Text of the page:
Brazilian soybean harvest picked up some pace over the last week and is now in line with the five-year average, said AgRural, a local farm consultancy, on Friday.
Fieldwork is 4% complete, up from 2% last week but still behind the 6% registered at the same time last year, it said.
Dry weather last weekend across Mato Grosso and the rest of the center-west allowed farmers to get combines into the fields before rain returned in the week. As a result, harvesting in Mato Grosso, the No. 1 soy state, moved forward by three percentage points to 7%.
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Early yields continue to be disappointing in parts of the state's top-producing north -- average yields in Lucas do Rio Verde, a key soy district, are around 39 bushels per acre -- but other parts are harvesting well -- Campos de Julio registered an average bpa of 52, says AgRural.
While the rain has hampered harvest efforts in the state, it will aid the significant part of the crop planted in November and later.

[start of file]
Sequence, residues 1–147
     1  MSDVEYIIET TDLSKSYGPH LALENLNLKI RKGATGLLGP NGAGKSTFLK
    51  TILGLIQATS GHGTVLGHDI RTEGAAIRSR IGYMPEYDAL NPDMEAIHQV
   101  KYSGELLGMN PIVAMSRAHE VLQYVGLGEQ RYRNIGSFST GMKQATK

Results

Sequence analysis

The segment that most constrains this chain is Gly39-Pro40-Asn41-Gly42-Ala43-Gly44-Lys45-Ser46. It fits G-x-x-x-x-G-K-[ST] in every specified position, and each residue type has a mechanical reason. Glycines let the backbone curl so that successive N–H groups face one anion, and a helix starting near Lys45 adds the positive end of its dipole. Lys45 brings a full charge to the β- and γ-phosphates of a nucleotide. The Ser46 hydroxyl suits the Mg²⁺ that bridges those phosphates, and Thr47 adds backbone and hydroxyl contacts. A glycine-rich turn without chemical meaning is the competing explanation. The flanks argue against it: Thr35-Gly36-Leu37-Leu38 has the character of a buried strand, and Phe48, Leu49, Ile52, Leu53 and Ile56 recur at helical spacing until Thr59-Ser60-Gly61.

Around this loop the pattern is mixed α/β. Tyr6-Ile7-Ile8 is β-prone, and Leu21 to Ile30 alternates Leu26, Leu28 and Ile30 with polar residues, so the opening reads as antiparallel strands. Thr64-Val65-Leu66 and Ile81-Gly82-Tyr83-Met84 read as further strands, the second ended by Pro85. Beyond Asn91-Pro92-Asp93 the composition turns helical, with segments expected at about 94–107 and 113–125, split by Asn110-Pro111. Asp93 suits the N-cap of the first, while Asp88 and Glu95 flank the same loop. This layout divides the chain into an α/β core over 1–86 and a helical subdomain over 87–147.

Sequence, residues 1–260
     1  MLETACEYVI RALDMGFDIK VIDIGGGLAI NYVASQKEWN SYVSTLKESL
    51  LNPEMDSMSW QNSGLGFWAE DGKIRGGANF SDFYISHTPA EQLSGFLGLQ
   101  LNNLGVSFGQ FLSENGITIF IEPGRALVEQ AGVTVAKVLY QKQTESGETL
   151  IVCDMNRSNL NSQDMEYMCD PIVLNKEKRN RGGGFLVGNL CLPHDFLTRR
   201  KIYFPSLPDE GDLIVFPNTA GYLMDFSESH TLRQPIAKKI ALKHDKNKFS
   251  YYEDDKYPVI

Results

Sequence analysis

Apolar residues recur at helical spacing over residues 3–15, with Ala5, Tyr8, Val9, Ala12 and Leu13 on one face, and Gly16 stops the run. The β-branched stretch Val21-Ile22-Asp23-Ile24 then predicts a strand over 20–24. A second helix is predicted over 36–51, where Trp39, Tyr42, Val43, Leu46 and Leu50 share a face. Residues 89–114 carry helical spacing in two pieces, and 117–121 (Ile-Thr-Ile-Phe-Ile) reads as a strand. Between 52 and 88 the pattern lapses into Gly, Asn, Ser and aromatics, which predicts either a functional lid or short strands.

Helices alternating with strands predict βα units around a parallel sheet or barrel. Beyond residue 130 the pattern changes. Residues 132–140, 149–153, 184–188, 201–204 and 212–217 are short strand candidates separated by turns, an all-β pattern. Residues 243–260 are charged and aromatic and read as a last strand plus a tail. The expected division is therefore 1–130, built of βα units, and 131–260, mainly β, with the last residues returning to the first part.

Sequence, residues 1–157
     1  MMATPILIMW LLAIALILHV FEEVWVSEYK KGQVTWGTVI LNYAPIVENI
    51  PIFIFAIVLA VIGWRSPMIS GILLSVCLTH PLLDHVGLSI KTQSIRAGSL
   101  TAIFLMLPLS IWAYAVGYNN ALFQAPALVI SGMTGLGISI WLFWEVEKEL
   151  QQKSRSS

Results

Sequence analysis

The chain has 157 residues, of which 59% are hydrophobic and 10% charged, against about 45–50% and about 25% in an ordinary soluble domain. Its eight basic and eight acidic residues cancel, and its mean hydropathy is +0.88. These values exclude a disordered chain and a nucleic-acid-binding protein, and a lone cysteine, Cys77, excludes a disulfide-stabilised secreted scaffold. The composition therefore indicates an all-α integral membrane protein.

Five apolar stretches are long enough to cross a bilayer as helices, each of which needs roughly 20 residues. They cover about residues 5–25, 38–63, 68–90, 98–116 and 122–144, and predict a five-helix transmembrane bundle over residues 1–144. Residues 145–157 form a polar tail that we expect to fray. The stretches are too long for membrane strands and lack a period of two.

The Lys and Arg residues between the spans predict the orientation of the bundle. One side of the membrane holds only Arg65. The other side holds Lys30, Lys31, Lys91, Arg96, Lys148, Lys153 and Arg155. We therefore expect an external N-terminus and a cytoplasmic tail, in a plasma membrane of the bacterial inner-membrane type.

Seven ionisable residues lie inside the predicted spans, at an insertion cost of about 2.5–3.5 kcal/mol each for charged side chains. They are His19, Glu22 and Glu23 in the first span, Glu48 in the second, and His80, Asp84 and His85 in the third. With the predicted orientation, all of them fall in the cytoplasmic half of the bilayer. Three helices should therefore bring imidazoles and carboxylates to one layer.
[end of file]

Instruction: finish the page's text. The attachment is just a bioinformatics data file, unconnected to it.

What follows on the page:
In the southern state of Parana, harvesting efforts moved forward quickly. The No. 2 soy state had collected 9% of the harvest as of Friday, up 7 points on last week but still behind the 11% registered at the same point last year.
But perhaps the most significant news in terms of Brazilian crop prospects was the return of rains to the southernmost state of Rio Grande do Sul. After a couple of dry weeks, the return of rains provided vital moisture and keeps the state on track for decent yields.
After arriving late, rainfall has been decent in January across the eastern Cerrado growing regions of Bahia, Maranhao and Piaui and was once again abundant last week.
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